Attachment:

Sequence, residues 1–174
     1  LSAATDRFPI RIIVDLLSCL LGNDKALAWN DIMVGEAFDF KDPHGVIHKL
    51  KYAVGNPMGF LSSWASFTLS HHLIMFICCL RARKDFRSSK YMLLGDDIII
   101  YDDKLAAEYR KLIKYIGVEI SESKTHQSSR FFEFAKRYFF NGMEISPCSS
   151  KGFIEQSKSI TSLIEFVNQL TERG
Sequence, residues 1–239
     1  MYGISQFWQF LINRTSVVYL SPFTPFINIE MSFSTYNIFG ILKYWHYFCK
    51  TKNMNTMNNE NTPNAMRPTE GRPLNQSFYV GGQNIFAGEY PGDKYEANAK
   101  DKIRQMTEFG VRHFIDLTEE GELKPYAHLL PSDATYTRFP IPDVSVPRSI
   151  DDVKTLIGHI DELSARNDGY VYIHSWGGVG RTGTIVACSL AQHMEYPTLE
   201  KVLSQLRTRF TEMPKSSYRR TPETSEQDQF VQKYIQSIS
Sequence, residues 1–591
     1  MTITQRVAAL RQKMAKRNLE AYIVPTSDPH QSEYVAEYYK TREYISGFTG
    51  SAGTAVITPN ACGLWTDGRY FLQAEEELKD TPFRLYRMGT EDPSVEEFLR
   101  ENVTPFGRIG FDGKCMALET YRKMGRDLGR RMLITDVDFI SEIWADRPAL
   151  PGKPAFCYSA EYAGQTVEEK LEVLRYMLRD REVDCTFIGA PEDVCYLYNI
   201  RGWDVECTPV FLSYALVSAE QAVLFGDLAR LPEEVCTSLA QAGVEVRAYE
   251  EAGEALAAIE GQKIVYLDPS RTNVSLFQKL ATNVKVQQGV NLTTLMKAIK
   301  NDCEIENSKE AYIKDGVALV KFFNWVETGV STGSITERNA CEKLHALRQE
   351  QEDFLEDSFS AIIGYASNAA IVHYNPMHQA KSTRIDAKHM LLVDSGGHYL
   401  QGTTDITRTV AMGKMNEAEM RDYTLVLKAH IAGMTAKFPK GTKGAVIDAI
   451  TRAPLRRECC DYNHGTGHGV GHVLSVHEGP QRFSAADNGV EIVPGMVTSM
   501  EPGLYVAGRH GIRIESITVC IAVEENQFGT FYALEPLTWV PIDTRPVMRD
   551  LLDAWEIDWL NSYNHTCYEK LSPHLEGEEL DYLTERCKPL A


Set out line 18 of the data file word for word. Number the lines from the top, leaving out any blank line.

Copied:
   251  EAGEALAAIE GQKIVYLDPS RTNVSLFQKL ATNVKVQQGV NLTTLMKAIK